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"The entrance of thy words giveth light (Psalm 119:130)."

Correcting Negative Thoughts—A Useful
Stress Management Technique

Every once in a while secular psychology actually does get something right. Such is the case in cognitive theory; that is, in correcting 'cognitive distortions.'

What am I talking about? OK, I'll explain. Thoughts are powerful things and the quickest way to go to hell on earth is to simply allow your mind to go wherever it wants to go. But you do have a choice: You can dispute and correct negative thoughts or what secular psychology calls 'cognitive distortions.'

I had a taste of how effective this can be some time back: One client would severely castigate herself whenever she made a mistake. She would start with something like "YOU BITCH" and then just keep flailing herself with one insult after another. It wasn't long until she was an emotional mess. And she didn't know how to stop doing this!

I told her to dispute each negative statement. She was told, for example, to say "I'm not a bitch" every time she called herself one. It worked. She now had a tool she could use to stop doing this to herself.

At this point, I want to caution that while correcting negative thoughts is a useful technique, it is no substitute for the use of Scripture. It should be thought of as correcting your own negative thinking; you cannot overpower the Devil with any psychological technique.1

I found this out once when I made an embarrassing mistake and then found myself repeatedly cursing myself. I tried correcting these negative thoughts—using the same technique as the woman in the above example—but it did not work: I could not stop—it was a spiritual attack. Then I thought of Matthew 4:1-11. In this Scripture, Jesus taught us how to resist the Devil using the Word of God. So, instead of using psychology, whenever I found myself cursing myself, I would say "It is written" and then a relevant Scripture or scriptural truth (e.g. "I am a child of God"). I felt better almost immediately. Satan's attack faltered and I was back to normal. I also learned a valuable lesson that I could use in the future since mistakes are an inevitable part of life.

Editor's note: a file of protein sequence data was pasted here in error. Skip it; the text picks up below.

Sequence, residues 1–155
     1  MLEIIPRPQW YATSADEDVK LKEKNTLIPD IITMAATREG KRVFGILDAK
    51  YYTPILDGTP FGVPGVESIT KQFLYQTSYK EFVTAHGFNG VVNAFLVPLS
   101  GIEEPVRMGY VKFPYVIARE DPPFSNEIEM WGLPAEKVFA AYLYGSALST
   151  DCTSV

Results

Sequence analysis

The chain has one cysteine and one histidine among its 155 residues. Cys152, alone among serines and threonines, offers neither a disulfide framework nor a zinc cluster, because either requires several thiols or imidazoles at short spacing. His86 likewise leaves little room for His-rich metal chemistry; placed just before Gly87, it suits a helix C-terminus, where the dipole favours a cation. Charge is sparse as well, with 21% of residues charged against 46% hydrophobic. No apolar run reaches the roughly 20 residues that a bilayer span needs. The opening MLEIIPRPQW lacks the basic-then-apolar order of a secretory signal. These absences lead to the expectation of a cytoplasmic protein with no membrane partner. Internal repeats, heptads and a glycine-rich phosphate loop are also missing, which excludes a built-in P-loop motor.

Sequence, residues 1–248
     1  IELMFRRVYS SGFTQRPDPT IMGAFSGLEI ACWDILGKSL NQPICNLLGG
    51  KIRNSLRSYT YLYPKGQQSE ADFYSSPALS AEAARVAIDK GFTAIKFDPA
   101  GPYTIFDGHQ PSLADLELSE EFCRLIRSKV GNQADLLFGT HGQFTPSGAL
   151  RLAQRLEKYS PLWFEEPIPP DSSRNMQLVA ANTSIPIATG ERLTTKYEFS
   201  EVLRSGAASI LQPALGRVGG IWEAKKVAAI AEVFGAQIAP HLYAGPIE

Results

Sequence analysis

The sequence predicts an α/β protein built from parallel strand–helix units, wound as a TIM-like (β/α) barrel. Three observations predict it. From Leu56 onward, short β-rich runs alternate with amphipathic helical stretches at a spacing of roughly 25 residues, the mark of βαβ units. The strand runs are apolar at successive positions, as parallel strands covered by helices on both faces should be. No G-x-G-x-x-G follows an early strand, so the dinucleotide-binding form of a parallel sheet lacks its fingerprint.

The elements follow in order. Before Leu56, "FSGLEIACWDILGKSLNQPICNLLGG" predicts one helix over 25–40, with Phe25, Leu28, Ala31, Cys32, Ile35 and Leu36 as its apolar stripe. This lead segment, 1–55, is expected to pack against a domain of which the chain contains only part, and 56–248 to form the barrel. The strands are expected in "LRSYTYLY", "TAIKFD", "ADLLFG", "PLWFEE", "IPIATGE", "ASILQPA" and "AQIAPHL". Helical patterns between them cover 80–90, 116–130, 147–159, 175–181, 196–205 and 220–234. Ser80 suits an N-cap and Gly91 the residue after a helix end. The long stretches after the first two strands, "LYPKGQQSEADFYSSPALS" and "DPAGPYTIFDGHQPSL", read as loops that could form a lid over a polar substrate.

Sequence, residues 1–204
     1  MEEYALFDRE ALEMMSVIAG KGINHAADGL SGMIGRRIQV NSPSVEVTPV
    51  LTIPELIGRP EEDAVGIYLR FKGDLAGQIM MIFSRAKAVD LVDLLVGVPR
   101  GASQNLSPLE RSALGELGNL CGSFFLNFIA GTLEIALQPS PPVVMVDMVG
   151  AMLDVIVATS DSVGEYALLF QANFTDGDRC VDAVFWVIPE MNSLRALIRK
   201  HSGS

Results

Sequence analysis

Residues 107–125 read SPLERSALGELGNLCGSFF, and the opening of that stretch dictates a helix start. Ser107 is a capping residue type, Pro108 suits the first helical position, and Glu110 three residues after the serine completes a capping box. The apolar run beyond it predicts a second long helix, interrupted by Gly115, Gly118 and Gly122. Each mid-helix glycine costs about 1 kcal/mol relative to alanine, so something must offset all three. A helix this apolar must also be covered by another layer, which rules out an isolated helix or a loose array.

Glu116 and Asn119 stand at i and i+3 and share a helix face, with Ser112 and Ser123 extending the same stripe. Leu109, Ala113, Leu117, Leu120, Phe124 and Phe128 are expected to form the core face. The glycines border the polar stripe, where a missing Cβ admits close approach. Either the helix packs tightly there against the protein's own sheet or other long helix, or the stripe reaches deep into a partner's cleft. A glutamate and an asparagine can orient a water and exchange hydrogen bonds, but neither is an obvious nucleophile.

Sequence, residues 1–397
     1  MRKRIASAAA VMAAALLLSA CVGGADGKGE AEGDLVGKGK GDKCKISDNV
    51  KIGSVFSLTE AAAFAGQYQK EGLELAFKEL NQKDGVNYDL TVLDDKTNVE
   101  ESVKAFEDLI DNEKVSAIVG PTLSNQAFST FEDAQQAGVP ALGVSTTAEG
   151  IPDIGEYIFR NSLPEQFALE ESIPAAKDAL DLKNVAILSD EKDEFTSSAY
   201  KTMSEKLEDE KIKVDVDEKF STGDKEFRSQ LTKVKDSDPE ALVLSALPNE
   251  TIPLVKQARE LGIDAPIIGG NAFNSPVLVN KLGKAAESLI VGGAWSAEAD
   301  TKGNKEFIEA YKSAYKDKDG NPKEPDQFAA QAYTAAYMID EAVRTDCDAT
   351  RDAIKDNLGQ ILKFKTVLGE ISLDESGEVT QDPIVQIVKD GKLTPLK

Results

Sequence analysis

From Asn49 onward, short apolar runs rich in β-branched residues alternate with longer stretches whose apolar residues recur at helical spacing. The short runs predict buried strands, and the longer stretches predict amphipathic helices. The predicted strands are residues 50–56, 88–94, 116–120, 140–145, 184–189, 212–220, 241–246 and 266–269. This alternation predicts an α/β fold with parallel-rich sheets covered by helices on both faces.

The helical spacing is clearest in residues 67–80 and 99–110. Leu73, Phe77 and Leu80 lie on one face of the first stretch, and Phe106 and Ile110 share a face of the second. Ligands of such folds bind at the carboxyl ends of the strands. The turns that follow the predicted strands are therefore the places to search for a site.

As long as your recognize this limitation, correcting or disputing negative thoughts is a useful technique. Here are some examples.

Fear: "I'm terrified!" Correction: "I choose not to be afraid."

Anger: "I hate him!" Correction: "I choose to forgive him."

Should statements: "I should have a better job." Correction: "I choose to be thankful for the job I have."

Difficult task and accompanying negative thoughts (In any context): Correction: "I can do this" or even "This is easy."

I could provide other examples, but you get the idea. Correcting or disputing negative thoughts is not all that difficult. But it can sometimes go a long way in terms of reducing your anger and making your stress go down.

1) Unless, of course, for some reason the Devil wants you to believe that you can.

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